Six on Saturday: Winter is coming, ripen your tomatoes.

Six things to share on Saturday with garden bloggers and garden gawpers. A collection of homegrown notables from a Somerset garden in early October. As usual, I’m sharing this SOS with the Propagator and his merry crew.

  1. Banana and tomato on a sunny windowsill. I’m hoping this treatment will help the last few tomatoes ripen. Apparently the banana releases ripening gas, and the sunshine on a south facing window could help too. Let’s see how it goes…



2. Brave little broccoli.  These little seedlings survived the greenhouse kerfuffle. More on that shortly.


3. New lawn! the conspicuously green and even section on the right has settled in very well and replaced an ugly old pathway. The summer house looks pretty, but it’s about to collapse and has reached the end of it’s useful life. I’m writing this sat at the white wicker desk by the back door of the house. 


4. Greenhouse gone, chillies in the kitchen. In a minor setback I’ll call the greenhouse kerfuffle, the little plastic temporary greenhouse tent, which also served as a tool-shed, was caught by the wind and blew down the garden. So now, the chillies are in the kitchen, and what remains of the greenhouse is in the summerhouse, disdainfully observed by the cat. Please disregard the huge gap where the rotten base panels fell away from the summerhouse. This is an issue we’re ignoring until spring. The whole thing is propped up with scaffold poles and probably might not collapse this winter.



The little owl at the kitchen window is Ray, my solar powered boogie buddy. A gift from my fabulous friend Hannah, he’s a cheery chap who wiggles when the sun shines.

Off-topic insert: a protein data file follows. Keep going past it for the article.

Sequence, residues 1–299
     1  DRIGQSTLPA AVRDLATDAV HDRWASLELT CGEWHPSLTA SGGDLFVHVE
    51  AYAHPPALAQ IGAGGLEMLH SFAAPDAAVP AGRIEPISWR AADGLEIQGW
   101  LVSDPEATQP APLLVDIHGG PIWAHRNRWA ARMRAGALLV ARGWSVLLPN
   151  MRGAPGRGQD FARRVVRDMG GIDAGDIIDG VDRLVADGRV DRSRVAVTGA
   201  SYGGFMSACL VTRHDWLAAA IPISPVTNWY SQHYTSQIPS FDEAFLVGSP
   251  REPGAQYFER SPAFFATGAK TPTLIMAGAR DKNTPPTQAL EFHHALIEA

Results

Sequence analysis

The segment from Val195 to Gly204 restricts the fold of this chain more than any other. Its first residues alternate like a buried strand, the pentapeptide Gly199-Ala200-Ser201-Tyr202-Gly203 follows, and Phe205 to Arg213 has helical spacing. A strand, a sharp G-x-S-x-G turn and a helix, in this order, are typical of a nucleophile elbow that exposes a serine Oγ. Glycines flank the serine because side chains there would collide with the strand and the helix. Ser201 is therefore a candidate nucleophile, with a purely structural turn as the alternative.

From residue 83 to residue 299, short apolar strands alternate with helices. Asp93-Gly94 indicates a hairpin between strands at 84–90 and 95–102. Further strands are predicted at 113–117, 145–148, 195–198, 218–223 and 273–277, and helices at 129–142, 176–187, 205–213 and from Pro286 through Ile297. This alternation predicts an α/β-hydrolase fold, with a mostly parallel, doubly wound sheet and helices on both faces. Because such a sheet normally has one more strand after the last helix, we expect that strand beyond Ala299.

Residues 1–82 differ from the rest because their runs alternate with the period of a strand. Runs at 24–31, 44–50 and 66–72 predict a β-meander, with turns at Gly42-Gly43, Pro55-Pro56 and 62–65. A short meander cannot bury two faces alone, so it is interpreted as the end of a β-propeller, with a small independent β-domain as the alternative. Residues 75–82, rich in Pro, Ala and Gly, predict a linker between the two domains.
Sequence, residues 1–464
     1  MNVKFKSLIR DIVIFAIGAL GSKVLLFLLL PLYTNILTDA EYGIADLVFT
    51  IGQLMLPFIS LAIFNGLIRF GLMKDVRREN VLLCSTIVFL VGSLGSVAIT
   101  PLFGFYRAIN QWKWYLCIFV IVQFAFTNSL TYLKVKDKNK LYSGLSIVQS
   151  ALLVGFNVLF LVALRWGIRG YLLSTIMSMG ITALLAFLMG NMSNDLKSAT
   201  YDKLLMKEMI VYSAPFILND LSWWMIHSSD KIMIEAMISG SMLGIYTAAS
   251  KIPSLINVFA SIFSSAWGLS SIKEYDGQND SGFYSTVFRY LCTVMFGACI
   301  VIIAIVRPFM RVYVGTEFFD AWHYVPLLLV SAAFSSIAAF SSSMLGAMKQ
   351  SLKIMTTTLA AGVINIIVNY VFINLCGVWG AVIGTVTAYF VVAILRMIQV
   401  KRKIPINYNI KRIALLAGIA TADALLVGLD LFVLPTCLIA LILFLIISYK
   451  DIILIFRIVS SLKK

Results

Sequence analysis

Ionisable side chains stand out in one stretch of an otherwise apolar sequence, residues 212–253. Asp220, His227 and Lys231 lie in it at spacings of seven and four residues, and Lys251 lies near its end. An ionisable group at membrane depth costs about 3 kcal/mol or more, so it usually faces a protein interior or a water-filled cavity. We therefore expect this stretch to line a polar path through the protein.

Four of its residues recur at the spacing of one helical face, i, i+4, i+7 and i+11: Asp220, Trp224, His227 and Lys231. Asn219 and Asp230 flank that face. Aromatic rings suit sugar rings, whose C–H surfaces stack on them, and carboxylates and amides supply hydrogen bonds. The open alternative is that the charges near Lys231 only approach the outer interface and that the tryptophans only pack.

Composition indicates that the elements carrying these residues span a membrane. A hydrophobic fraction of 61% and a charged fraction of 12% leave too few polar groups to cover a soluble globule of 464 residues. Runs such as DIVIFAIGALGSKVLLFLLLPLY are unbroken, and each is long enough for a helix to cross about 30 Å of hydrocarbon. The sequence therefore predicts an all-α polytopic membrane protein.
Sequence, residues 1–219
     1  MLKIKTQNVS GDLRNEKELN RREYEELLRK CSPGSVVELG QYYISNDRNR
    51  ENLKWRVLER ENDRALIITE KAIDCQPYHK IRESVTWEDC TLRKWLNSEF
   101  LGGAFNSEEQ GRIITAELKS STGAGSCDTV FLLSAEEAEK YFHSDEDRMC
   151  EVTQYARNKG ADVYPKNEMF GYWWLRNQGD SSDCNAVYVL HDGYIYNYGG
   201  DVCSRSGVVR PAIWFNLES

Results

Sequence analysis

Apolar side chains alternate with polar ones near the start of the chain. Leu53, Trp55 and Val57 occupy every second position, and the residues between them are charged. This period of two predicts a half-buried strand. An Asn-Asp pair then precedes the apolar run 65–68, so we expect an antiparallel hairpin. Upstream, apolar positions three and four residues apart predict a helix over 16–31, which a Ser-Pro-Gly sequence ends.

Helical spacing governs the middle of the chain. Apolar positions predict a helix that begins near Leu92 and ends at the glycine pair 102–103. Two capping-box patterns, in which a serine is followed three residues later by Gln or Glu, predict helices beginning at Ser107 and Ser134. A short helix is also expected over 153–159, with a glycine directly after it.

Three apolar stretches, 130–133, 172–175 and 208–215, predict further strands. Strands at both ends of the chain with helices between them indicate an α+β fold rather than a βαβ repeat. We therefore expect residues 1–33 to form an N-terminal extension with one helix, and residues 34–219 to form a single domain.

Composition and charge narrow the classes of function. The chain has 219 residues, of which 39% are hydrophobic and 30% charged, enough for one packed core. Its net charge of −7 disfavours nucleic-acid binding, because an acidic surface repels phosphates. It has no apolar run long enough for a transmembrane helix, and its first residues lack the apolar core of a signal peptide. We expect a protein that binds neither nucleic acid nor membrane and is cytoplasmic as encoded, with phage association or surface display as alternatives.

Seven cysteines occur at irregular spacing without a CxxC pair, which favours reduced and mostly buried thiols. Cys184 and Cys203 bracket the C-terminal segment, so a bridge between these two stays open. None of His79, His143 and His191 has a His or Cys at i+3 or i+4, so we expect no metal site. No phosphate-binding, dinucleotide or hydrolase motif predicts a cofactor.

5. Hazel O-Concrete in the begonia border, aka Willowstone amidst the apples.20191005_173327

Regular readers may recall this horse sculpture under the apple tree, which was here when we arrived in this garden, in spring of this year.  I think it wants to be a unicorn and so it’s adorned with a  garden grown crown of twisted hazel woven into a sort of twisted horn.

When first naming this beast, I thought ‘Willowstone’ sounded lovely, but as I’m old fashioned and committed to honesty, Hazel O Concrete is her name.

6. Finally a confession and commitment for this Saturday’s six. This super organic multi purpose compost is peat based. I bought it because it was cheap, but it’s not really so super as it is peat based, and peat based compost is a very bad thing that destroys precious wildlife environments.

Next time, I’ll research my purchase more carefully and consider the environmental cost as well as the financial one. Any peat free, affordable compost recommendations would be gratefully received!20191005_135046.jpg

And finally, I’d like to share some garden sky pictures from earlier this week. When things are collapsing it’s good to look up. 🙂

A rainbow…


And a sunrise…


Whatever your plans and however your plants grow, I hope you’ll keep looking up.

Jen x



3 thoughts on “Six on Saturday: Winter is coming, ripen your tomatoes.

  1. B&Q do 3 bags of peat free for a tenner, not bad value and it seems to be an acceptable replacement. My greenhouse blowing away is the stuff of garden nightmares! Hope the planty damage wasnt too disastrous.


  2. Wickes does a similar deal on peat free compost. You’ve really begun to claim the new garden & make it your own. Such a shame about the summer house, as it is lovely. Hope it lasts the winter! As for maters, my grandma always had green ones ripening on her windowsills when we visited during late summer. I do the same, stick them on the sill in the kitchen & have ripe tomatoes in a coupla days. The uber green ones might take longer or you can turn them into fried green tomatoes.


  3. Green tomatoes seems to be a common theme now. I never had that problem, since almost all of those that are still on the vines when they get frosted eventually ripen on the kitchen windowsill. (In the home garden, vines get pulled to make room for the cool season vegetables, so do not last until frost.) The very few that don’t ripen make nice pickles. I rarely get enough to bother pickling the though.


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